Oxygen is a lifesaving therapeutic medical gas which can improve clinical outcomes for children suffering from severe pneumonia and other respiratory diseases. Unfortunately, oxygen therapy remains an inaccessible luxury for many ill children.
Oxygen is a life-saving medical gas for treating respiratory illnesses and for managing various health system needs, like emergency obstetric care, surgery and anesthesia. However, it is seldom available in the poorest countries beyond urban hospitals and private providers.
Hypoxemia, an abnormally low level of oxygen in the blood, can be fatal. It results from complications of common illnesses or surgery and requires oxygen therapy for treatment. Pneumonia, an infection of the lungs is linked to 15 per cent of all under five deaths. Approximately 13 per cent of children with pneumonia have hypoxemia, which increases the risk of death by up to five times.
Ensuring oxygen is accessible to children with hypoxemia, pneumonia or other respiratory illness is challenging. There are inherent complexities in the procurement, distribution and utilization of appropriate equipment for a large proportion of severely ill children. For example, the equipment for detecting hypoxemia and delivering oxygen (such as a pulse oximeter or nasal cannula) may not be available in children’s sizes.
“Nowhere is the technology gap more apparent than in the provision of oxygen … Oxygen is seldom available in the poorest countries beyond urban hospitals and private providers. Pulse oximeters, effective and inexpensive diagnostic devices for measuring blood oxygen levels, are similarly unavailable to those who need them most.”
With support from the Bill and Melinda Gates Foundation, UNICEF’s Oxygen Therapy Project jointly with the World Health Organization aims to provide governments with practical tools for building oxygen systems in their countries.
There are three key components to the project:
- The UNICEF oxygen system planning tool helps countries map out oxygen equipment needs at health facilities across the country. It is also useful for COVID-19 response planning. The algorithm and global level inputs were informed by the UNICEF advisory committee and technical review group of experts. Further development was supported by The Government of Ghana through the SPRINT Project.
- An interagency technical specifications and guidance manual for procuring oxygen devices so decision makers understand what types of equipment are necessary for providing oxygen.
- Updating the UNICEF Supply Catalogue to include the full range of products required to provide oxygen, so decision makers worldwide can purchase the equipment if the appropriate devices are not available on local markets.
These three key activities implemented in unison can enable a government to do rational device planning and procurement to ensure oxygen therapy is available at health facilities across a country.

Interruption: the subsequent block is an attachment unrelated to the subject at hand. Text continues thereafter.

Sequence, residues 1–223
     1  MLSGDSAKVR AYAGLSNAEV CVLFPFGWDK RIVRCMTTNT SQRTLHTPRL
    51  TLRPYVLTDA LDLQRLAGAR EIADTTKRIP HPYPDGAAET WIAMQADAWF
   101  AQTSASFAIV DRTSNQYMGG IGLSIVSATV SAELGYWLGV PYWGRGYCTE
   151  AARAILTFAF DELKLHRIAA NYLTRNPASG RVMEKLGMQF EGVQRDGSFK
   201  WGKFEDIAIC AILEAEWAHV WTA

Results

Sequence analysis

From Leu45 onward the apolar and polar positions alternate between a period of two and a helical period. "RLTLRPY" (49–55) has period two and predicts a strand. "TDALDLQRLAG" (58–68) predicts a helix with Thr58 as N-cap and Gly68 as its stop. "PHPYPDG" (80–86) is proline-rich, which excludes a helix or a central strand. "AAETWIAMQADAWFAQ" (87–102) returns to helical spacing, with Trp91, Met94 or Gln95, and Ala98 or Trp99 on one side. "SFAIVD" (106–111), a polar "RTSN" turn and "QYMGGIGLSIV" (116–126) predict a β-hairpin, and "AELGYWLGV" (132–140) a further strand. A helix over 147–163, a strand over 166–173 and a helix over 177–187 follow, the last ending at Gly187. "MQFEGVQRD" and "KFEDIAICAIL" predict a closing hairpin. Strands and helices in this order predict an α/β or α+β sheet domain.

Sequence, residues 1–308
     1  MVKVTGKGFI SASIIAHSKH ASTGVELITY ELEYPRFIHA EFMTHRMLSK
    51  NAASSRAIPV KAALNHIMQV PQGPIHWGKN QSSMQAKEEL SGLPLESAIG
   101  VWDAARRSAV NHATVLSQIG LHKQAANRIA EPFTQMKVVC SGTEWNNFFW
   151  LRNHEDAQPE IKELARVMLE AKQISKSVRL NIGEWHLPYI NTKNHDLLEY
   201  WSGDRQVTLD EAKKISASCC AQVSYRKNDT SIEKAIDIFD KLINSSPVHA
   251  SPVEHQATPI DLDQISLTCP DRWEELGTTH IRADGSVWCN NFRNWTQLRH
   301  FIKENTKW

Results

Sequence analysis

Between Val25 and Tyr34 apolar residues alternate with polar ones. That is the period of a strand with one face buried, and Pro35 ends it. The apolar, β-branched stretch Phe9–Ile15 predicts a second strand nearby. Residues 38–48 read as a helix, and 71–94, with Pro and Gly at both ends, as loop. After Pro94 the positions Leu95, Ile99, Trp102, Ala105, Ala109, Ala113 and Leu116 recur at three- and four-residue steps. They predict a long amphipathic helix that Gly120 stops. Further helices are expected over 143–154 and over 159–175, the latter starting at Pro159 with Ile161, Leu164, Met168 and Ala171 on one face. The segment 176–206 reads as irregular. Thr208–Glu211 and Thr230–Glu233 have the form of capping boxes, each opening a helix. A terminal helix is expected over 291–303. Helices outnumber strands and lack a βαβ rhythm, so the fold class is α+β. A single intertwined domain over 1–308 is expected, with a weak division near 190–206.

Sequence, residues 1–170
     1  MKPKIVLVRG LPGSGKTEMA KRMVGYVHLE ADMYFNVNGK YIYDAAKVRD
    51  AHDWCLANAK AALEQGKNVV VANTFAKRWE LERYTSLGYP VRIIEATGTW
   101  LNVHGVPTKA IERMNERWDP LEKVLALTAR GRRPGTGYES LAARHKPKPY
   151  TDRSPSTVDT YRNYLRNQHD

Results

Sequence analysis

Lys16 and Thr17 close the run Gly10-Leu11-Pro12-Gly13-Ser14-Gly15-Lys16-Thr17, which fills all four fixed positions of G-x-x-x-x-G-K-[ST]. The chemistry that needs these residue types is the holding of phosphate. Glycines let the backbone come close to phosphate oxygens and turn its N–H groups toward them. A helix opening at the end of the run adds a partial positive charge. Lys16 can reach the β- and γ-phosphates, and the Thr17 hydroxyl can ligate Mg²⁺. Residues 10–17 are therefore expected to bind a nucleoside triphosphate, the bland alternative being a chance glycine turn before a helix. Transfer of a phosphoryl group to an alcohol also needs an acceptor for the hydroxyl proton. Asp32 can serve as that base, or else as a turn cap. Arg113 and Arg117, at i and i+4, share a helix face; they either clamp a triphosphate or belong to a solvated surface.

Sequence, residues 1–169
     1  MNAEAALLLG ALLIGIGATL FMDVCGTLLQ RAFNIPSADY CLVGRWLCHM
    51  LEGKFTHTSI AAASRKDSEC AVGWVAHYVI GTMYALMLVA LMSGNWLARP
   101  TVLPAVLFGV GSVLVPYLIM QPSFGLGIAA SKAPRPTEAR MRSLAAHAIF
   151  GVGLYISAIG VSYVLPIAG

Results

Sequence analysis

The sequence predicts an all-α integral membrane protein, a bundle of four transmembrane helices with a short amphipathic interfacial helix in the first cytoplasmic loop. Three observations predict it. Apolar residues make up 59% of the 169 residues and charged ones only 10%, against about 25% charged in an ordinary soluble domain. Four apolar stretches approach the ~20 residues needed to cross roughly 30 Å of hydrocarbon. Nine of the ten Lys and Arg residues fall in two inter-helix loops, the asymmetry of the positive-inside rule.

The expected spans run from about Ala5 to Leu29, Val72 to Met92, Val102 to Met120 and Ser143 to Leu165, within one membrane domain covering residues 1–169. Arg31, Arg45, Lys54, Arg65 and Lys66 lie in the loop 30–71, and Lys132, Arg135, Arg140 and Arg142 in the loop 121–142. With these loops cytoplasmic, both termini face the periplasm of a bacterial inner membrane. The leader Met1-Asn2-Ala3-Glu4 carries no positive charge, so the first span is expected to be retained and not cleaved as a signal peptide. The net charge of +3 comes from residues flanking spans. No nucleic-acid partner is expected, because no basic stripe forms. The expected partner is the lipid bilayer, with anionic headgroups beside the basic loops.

UNICEF is currently introducing and testing the project components in Ghana and Senegal. The learnings will inform further development of the project and support UNICEF’s efforts to spread the resources to more decision makers globally, where key activities can be adapted for the differing contexts of each country.
Through a systematic approach, the Oxygen Therapy Project can help governments worldwide ensure life-saving oxygen therapy is available to children suffering from respiratory illnesses, so that under-five deaths can be prevented in the future.
Oxygen Therapy during COVID-19 response
UNICEF’s Oxygen Therapy Project has been expanded and scaled to urgently respond to global oxygen needs during the COVID-19 pandemic.
UNICEF is sending oxygen concentrators to countries impacted by the crisis.
UNICEF is providing oxygen therapy in Senegal during COVID-19.
- On the UNICEF website: A fundamental and sustainable response to COVID-19: improving local oxygen systems
- In the New York Times: an article discussing UNICEF’s oxygen response to the COVID-19 pandemic “A Simple Way to Save Lives as Covid-19 Hits Poorer Nations.”
- Oxygen Therapy Project Brief, June 2020
- UNICEF oxygen system planning tool, April 2020
- A fundamental and sustainable response to COVID-19: improving local oxygen systems, April 2020
- WHO-UNICEF technical specifications and guidance for oxygen therapy devices November 2019
- Oxygen is essential: a policy and advocacy primer, November 2017
- Providing oxygen to children in hospitals: a realist review, April 2017
- Pulse oximetry: technology to reduce child mortality in developing countries, July 2013
- Oxygen is an essential medicine: a call for international action, November 2010
- UNICEF Target Product Profiles webpage
- UNICEF Supply Catalogue
* Henrietta H. Fore is the Executive Director of UNICEF and Kevin Watkins is the Chief Executive of Save the Children UK. Article can be found here.